AP CHEMISTRY 2010 SCORING GUIDELINES

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1 2010 SCORING GUIDELINES Question 2 (10 points) A student performs an experiment to determine the molar enthalpy of solution of urea, H 2 NCONH 2. The student places g of water at 25 C into a coffee cup calorimeter and immerses a thermometer in the water. After 50 s, the student adds 5.13 g of solid urea, also at 25 C, to the water and measures the temperature of the solution as the urea dissolves. A plot of the temperature data is shown in the graph below. (a) Determine the change in temperature of the solution that results from the dissolution of the urea. ΔT = = 3.2 Celsius degrees correct temperature change. (b) According to the data, is the dissolution of urea in water an endothermic process or an exothermic process? Justify your answer. The process is endothermic. The decrease in temperature indicates that the process for the dissolution of urea in water requires energy. correct choice with justification. Visit the College Board on the Web:

2 2010 SCORING GUIDELINES Question 2 (continued) (c) Assume that the specific heat capacity of the calorimeter is negligible and that the specific heat capacity of the solution of urea and water is 4.2 J g 1 C 1 throughout the experiment. (i) Calculate the heat of dissolution of the urea in joules. Assuming that no heat energy is lost from the calorimeter and given that the calorimeter has a negligible heat capacity, the sum of the heat of dissolution, q soln and the change in heat energy of the urea-water mixture must equal zero. q soln + mcδt = 0 q soln = mcδt m soln = 5.13 g g = g correct setup. correct numerical result for the heat of dissolution. q soln = (97.08 g)(4.2 J g 1 C 1 )( 3.2 C) = J (ii) Calculate the molar enthalpy of solution, D, of urea in kj mol 1. H soln q = soln mol solute molar mass of urea = 4(1.0) + 2(14.0) = 60.0 g mol 1 moles of urea = 5.13 g urea 3 1 mol urea 60.0 g urea = mol J Δ H soln = = Jmol = 15 kjmol mol calculation of moles of urea. correct numerical result with correct algebraic sign. (d) Using the information in the table below, calculate the value of the molar entropy of solution, urea at 298 K. Include units with your answer. Accepted Value of urea 14.0 kj mol -1 DG soln of urea -6.9 kj mol -1 DS soln, of ΔG = ΔH TΔS 6.9 kj mol 1 = 14.0 kj mol 1 (298 K)(ΔS ) DS soln = kj mol 1 K 1 = 70.1 J mol 1 K 1 correct setup. correct numerical result with correct units. Visit the College Board on the Web:

3 2010 SCORING GUIDELINES Question 2 (continued) (e) The student repeats the experiment and this time obtains a result for below the accepted value. Calculate the value of of urea that is 11 percent that the student obtained in this second trial. Error = (0.11)(14.0 kj mol 1 ) = 1.54 kj mol 1 correct 14.0 kj mol kj mol 1 = 12.5 kj mol 1 numerical result. (f) The student performs a third trial of the experiment but this time adds urea that has been taken directly from a refrigerator at 5 C. What effect, if any, would using the cold urea instead of urea at 25 C have on the experimentally obtained value of? Justify your answer. There would be an increase in the obtained value for because the colder urea would have caused a larger negative temperature change. correct prediction with justification. Visit the College Board on the Web:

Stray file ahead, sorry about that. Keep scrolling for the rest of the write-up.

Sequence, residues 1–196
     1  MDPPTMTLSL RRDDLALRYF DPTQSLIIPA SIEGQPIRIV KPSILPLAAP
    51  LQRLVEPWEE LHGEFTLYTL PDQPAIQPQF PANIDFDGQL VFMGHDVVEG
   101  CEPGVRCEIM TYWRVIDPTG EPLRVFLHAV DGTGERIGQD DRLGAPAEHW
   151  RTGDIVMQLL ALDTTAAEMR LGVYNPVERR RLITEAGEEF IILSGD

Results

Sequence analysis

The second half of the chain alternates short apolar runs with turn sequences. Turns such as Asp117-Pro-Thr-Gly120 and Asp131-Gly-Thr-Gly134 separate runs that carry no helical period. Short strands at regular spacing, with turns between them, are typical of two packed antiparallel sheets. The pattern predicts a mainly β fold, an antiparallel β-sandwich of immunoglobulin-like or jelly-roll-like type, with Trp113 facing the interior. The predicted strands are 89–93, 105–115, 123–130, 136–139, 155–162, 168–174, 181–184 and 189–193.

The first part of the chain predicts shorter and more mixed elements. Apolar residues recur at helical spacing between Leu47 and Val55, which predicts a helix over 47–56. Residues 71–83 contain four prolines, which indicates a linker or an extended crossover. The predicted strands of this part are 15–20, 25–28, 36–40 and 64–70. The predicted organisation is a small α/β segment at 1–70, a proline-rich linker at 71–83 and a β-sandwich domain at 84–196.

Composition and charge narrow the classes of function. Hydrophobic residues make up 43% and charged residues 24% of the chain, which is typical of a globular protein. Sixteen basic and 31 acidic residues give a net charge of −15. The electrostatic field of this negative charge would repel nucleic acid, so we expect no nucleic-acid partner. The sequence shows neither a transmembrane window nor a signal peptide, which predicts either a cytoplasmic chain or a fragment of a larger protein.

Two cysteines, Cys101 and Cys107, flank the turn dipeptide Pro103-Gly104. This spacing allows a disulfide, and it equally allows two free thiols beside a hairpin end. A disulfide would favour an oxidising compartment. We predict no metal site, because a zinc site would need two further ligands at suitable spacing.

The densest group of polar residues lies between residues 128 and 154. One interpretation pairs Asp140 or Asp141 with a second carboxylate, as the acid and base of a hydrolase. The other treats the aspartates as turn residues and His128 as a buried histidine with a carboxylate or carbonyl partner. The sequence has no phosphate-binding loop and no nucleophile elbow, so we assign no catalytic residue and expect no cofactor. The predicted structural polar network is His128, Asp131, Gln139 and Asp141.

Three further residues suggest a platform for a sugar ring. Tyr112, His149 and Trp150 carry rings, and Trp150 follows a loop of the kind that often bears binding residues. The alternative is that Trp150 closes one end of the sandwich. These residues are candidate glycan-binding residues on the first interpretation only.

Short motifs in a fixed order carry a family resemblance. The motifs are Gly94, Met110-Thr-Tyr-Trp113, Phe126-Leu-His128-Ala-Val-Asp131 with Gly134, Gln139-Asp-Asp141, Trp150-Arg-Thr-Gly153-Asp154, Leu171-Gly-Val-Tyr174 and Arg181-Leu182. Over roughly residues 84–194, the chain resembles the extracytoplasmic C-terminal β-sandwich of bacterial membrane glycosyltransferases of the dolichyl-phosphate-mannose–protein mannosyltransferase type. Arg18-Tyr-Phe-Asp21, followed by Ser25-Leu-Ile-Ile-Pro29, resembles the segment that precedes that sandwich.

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7 2010 SCORING COMMENTARY Question 2 Overview This question assessed students knowledge and skills pertaining to a laboratory experience that involved preparing a solution in a coffee-cup calorimeter and measuring the results. Parts of the question were mathematical and parts were conceptual in nature. In part (a) students were required to examine a temperature time graph and use graph-reading skills to determine the temperature change that occurred as a solution of urea and water formed. Part (b) required classification of the process as either endothermic or exothermic based on the change in temperature. In parts (c)(i) and (c)(ii) students had to calculate the heat of dissolution of urea with the equation q = mcδt and then convert that calculated energy into a molar enthalpy. Part (d) required students to calculate a molar entropy of solution with the equation ΔG = ΔH TΔS given a table of accepted values for the ΔH soln and ΔG soln of the solute (urea). Part (e) supplied a percent error from a student experiment and required calculation of the experimental value obtained from that experiment. Part (f) involved an error analysis whereby students needed to predict the effect on ΔH soln of using a sample of solute at a colder temperature and then justify their prediction. Sample: 2A Score: 10 This response earned all 10 points: 1 point for part (a), 1 point for part (b), 2 points for part (c)(i), 2 points for part (c)(ii), 2 points for part (d), 1 point for part (e), and 1 point for part (f). Sample: 2B Score: 8 In part (c)(i) this response earned 1 point for the setup by substituting a mass, a specific heat, and the ΔT determined in part (a) into the equation q = mcδt. The second point was not earned because the substituted mass represents the mass of the solvent and does not include the mass of the solute, thereby resulting in an incorrect number of joules. In part (d) the response earned 1 point for the setup by substituting the correct values from the table into the equation ΔG = ΔH TΔS, but the second point was not earned because the answer calculated is incorrect. Sample: 2C Score: 5 The point was not earned in part (b) of this response because the process is incorrectly identified as exothermic. In part (c)(i) the response earned 1 point for the setup by substituting a mass, a specific heat, and the ΔT determined in part (a) into the equation q = mcδt. The second point was not earned because the substituted mass represents the mass of the solute and does not include the mass of the solvent, thereby resulting in an incorrect number of joules. The points were not earned in part (c)(ii) because the student does not calculate the number of moles of urea and divide the energy calculated in part (c)(i) by this amount. The point was not earned in part (f) because the prediction of the direction of change in the value of ΔH soln is incorrect.